8 Hierarchy of DataTo understand databases, it is useful to remember that the elements of data that make up the database are divided into hierarchical levels. These logical data elements make up the foundation data concepts upon which a database is built.Character. The most basic logical element is the character, which consists of a single alphabetic, numeric, or other symbol. While it may take several bits or bytes to represent a character digitally, remember that these refer to physical storage, not the logical concept of the character itself.Field. A field is a grouping of characters that represent a characteristic of a person, place, thing, or event. A person's name is typically placed in a field. A field is a data item. A data field represents an attribute or some entity.Record. A record is a collection of interrelated fields. For example, an employee's payroll record usually contains several fields, such as their name, social security number, department, and salary. Records may be fixed-length or variable-length.File. A file is a collection of interrelated records. For example, a payroll file might contain all of the payroll files for all the employees of a firm. Files are usually classified by the application for which they are used.Database. A database is an integrated collection of logically interrelated records or files. For example, the personnel database of a firm might contain payroll, personnel action, and employee skills files. The data stored in a database is independent of the application programs using it and of the type of secondary storage devices on which it is stored.
9 THE RELATIONAL DATABASE MODEL A collection of information that you organize and access according to the logical structure of that information.Relational database modeluses a series of logically related two-dimensional tables (called relations) or files to store information in the form of a database.Relationdescribes each two-dimensional table or file in the relational model.The word relation here is in reference to the collection of the data within one specific table.Created with Logical Structures (p )Key Points:Databases are very different from spreadsheets in that you don’t have to know the physical location (i.e., row number and column character) of information you want to work with.Rather, you need only know the logical location of information.You develop the “logical” view of a database by creating a data dictionary.Data dictionary – contains the logical structure for the information.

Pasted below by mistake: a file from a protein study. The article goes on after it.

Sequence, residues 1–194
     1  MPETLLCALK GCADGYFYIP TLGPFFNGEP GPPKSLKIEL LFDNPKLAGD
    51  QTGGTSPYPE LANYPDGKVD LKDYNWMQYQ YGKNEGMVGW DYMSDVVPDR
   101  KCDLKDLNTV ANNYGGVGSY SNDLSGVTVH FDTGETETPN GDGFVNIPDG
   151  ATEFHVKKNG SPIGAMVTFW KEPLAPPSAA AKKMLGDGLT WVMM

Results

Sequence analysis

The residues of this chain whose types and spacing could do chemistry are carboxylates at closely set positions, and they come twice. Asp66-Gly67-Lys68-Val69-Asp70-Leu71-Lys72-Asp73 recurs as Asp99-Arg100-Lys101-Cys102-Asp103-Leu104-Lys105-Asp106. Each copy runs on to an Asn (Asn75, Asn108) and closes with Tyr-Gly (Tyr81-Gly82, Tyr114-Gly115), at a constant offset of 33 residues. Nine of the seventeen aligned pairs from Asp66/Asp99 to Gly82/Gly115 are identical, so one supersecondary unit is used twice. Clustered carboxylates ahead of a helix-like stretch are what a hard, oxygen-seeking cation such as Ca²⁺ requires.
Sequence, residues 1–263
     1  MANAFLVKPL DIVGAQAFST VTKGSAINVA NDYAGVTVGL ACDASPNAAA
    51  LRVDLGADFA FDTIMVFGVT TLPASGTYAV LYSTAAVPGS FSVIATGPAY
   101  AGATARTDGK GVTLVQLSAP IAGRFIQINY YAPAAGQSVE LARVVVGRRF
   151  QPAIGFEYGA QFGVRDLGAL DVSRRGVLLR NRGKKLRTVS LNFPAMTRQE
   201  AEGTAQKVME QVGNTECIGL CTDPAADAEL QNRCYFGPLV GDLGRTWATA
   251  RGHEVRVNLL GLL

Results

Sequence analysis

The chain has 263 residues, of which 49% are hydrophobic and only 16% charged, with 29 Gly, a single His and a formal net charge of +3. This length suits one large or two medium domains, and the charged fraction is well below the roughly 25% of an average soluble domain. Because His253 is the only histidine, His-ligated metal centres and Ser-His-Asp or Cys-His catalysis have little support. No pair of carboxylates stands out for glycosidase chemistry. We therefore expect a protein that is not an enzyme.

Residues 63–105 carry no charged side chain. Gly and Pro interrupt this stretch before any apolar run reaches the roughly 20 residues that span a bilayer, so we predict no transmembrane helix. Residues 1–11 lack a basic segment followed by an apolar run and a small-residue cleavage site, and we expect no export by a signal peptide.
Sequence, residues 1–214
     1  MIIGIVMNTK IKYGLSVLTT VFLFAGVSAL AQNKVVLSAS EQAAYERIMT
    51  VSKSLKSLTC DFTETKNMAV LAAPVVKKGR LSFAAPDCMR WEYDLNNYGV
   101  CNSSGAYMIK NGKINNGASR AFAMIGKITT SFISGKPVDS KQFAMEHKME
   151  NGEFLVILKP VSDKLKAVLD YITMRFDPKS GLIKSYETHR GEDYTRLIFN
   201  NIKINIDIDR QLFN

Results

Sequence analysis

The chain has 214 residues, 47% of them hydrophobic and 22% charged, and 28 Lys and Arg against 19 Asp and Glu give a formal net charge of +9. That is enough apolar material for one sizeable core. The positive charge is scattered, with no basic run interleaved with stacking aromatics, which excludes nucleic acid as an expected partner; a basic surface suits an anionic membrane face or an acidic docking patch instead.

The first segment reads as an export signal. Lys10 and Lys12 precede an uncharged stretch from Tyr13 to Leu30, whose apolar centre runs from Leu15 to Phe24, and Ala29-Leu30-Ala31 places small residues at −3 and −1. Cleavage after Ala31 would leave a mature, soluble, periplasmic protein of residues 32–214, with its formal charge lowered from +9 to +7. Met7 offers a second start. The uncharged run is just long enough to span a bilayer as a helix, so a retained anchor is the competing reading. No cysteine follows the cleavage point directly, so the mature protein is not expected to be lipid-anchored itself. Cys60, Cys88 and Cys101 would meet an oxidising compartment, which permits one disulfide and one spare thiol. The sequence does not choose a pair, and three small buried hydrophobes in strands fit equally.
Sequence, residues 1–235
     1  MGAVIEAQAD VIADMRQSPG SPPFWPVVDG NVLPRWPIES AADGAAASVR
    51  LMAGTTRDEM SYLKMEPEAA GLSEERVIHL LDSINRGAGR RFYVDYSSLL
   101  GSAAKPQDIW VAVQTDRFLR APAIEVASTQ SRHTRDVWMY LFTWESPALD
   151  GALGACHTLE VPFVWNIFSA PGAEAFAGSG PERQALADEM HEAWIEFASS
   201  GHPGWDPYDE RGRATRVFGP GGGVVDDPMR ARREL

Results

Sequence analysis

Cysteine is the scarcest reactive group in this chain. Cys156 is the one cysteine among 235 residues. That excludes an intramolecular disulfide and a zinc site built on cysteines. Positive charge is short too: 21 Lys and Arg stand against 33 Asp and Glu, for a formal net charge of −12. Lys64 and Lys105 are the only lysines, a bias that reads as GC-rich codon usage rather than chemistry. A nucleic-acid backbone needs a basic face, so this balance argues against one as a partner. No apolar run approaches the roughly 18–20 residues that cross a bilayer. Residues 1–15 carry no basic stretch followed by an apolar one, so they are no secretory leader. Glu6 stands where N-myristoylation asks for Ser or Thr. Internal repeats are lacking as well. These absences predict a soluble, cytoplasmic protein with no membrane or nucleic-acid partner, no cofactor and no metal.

10 By carefully examining the definition given to “relational databases” we can clearly identify two parts to it:Information – stored in a series of two dimensional tables, files, or relations.Logical structure of the information.
12 Information – stored in a series of two dimensional tables, files, or relations.
13 Databases are very different from spreadsheets in that you don’t have to know the physical location (i.e., row number and column character) of information you want to work with.Rather, you need only know the logical location of information.You develop the “logical” view of a database by creating a data dictionary.Logical structure of the information.In using the relational database model three distinct characteristics are important to understand:Collection of data = Information, hence logical structureLogical tiesIntegrity constraintsTo identify the information into its logical structures you need to create a data dictionary.Data dictionary - contains the logical structure for the information.
14 Data dictionary – contains the logical structure for the information. Integrity constraints – rules that help ensure the quality of the information.
15 Another key difference between spreadsheets and databases is that you must provide logical ties among the relations in a database.This is achieved by identifying primary keys, foreign keys, and relationships.Figure 3.3 on page 132 illustrates these concepts with an extended version of the Inventory database.Key Term: Primary key – a field (or group of fields in some cases) that uniquely describes each record.Key Term: Foreign key – a primary key of one file that appears in another file.
16 Database management system (DBMS) helps you specify the logical organization for a database and access and use (manipulating) the information within a database.A group of programs that manipulate the database and provide an interface between the database and the user of the database and other application programs